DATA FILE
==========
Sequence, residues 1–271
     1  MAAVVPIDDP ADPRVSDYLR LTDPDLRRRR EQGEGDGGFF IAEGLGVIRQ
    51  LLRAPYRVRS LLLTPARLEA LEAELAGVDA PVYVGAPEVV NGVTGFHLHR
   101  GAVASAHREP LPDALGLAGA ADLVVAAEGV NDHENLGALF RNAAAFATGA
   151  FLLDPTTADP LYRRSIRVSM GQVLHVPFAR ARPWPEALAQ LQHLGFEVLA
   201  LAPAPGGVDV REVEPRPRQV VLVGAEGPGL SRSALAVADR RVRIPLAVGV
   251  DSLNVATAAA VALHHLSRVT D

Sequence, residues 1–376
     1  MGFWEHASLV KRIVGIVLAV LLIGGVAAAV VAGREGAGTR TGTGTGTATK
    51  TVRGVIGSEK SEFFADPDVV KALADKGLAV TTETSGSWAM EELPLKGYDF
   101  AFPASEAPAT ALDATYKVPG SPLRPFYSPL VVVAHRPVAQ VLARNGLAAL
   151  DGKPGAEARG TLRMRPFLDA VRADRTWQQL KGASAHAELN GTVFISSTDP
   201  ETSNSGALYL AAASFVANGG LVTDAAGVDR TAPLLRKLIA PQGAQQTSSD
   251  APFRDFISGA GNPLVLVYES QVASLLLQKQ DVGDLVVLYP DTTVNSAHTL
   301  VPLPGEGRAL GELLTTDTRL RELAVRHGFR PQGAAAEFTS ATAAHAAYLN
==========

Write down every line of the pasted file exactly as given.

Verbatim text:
Sequence, residues 1–271
     1  MAAVVPIDDP ADPRVSDYLR LTDPDLRRRR EQGEGDGGFF IAEGLGVIRQ
    51  LLRAPYRVRS LLLTPARLEA LEAELAGVDA PVYVGAPEVV NGVTGFHLHR
   101  GAVASAHREP LPDALGLAGA ADLVVAAEGV NDHENLGALF RNAAAFATGA
   151  FLLDPTTADP LYRRSIRVSM GQVLHVPFAR ARPWPEALAQ LQHLGFEVLA
   201  LAPAPGGVDV REVEPRPRQV VLVGAEGPGL SRSALAVADR RVRIPLAVGV
   251  DSLNVATAAA VALHHLSRVT D

Sequence, residues 1–376
     1  MGFWEHASLV KRIVGIVLAV LLIGGVAAAV VAGREGAGTR TGTGTGTATK
    51  TVRGVIGSEK SEFFADPDVV KALADKGLAV TTETSGSWAM EELPLKGYDF
   101  AFPASEAPAT ALDATYKVPG SPLRPFYSPL VVVAHRPVAQ VLARNGLAAL
   151  DGKPGAEARG TLRMRPFLDA VRADRTWQQL KGASAHAELN GTVFISSTDP
   201  ETSNSGALYL AAASFVANGG LVTDAAGVDR TAPLLRKLIA PQGAQQTSSD
   251  APFRDFISGA GNPLVLVYES QVASLLLQKQ DVGDLVVLYP DTTVNSAHTL
   301  VPLPGEGRAL GELLTTDTRL RELAVRHGFR PQGAAAEFTS ATAAHAAYLN